The Hungarian government is donating $1.7 million to help with the restoration of Christian churches in Lebanon, government records revealed.
The donation, which will help fund the restoration of 31 churches, is part of the Hungarian government’s efforts to support Lebanon’s Christian community so that they could continue living in their own country, and help preserve the Christian identity and presence in the Middle East.
Apart from funding the project, Hungary will also be involved in coordinating the restoration of the churches. According to Hungarian Free Press, the project will be overseen by the Embassy of Hungary in Beirut, as well as Hungarian academics from Pázmány Péter Catholic University and Lebanese specialists from the Université Saint-Esprit de Kaslikot.
The government is also funding the restoration of Christian minority places of worship in Hungary. A total of 100 million forints (about US$381,000) has been allocated for the restoration of an Orthodox church in Budapest and 2.4 billion forints (about US$9 million) has been pledged to support properties in Hungary that are associated with the Moscow Patriarchate.
The conservative publication Magyar Nemzet has suggested that the government’s support for the Russian Orthodox Church stems from the political alliance with Russian President Vladimir Putin, who closely follows the fate of Orthodox communities outside Russia.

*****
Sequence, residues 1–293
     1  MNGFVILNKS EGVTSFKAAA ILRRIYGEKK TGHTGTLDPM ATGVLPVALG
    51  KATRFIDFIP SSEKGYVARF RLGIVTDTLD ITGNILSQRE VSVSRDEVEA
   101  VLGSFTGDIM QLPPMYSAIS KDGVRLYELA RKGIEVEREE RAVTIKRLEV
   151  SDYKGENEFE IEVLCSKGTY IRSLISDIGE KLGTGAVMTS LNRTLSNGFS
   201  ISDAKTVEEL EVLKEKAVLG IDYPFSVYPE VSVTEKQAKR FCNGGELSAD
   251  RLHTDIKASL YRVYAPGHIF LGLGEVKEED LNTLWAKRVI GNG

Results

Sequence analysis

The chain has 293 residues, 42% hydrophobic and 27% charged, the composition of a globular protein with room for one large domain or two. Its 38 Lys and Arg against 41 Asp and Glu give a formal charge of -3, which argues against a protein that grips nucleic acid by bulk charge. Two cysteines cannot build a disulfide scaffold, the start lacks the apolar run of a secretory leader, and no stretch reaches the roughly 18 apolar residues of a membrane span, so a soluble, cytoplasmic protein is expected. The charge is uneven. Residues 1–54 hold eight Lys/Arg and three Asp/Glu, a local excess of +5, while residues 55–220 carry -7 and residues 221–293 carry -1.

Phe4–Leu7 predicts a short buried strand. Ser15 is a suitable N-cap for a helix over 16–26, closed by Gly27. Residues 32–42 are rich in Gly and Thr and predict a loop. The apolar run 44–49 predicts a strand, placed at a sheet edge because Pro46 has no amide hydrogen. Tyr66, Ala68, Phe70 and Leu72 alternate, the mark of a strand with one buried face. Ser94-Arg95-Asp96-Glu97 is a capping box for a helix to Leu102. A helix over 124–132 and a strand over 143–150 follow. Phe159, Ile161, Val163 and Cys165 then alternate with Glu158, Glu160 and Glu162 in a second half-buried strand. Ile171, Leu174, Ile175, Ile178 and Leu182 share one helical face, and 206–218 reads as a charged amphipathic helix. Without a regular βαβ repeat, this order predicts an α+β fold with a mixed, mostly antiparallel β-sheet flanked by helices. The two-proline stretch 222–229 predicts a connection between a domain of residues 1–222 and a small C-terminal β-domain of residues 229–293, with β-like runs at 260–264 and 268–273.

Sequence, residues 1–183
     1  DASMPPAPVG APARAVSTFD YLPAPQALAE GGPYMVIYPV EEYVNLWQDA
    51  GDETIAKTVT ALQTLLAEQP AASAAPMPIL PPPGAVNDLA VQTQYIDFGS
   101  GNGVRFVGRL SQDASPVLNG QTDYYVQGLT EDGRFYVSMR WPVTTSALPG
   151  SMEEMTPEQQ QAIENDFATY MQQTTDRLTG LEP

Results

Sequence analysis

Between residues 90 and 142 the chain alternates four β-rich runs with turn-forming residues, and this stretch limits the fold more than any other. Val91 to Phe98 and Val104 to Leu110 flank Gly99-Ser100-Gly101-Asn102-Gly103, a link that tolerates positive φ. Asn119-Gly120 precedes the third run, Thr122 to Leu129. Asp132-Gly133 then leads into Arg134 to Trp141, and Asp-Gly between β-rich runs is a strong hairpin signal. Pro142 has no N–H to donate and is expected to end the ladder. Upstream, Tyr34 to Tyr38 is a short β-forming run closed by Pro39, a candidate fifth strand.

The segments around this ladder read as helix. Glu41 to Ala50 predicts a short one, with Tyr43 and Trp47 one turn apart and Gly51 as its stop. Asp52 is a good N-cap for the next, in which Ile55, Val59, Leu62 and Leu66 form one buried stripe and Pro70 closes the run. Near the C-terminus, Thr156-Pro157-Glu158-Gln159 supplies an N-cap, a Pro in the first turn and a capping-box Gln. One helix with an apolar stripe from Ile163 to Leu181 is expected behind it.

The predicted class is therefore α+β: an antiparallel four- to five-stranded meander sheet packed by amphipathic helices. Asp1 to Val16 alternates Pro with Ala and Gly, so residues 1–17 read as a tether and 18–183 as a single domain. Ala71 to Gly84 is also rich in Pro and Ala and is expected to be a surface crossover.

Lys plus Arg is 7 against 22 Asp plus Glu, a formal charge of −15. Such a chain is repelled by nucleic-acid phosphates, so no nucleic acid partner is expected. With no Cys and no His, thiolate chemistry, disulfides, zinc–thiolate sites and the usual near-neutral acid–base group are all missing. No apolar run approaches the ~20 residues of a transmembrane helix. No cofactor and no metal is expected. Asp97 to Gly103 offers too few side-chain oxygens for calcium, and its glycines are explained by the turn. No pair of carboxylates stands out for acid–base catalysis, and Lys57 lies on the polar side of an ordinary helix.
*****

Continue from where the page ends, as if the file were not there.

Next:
Hungary has shown its eagerness to support Christians in the Middle East, and it was the first country in the world to create a government office that aims to support persecuted Christians in the region.
In January, the Hungarian government announced that it wants the country to become a “hub and supporter” of groups that assist Christians who are being persecuted for their faith.
The announcement was made during an international conference in Budapest where leading advocacy groups gathered to discuss the persecution of Christians across the globe.
Bence Rétvári, the state secretary of the Ministry of Human Resources, told the delegates attending the event that “more Christians are being persecuted today throughout the world than during the reign of Roman Emperor Nero.”
He said that religious leaders in the Middle East have asked to help persecuted Christians in the region by providing humanitarian aid “rather than taking them in.”
“When I travelled through Iraq I also met with numerous church leaders. Everybody asks that we don’t help the Iraqis and the persecuted get into Europe. Instead we should help locals start up their lives again,” he stated.
During the conference, Rétvári also announced that Hungary will launch a traveling exhibition throughout Europe about the persecution of Christians.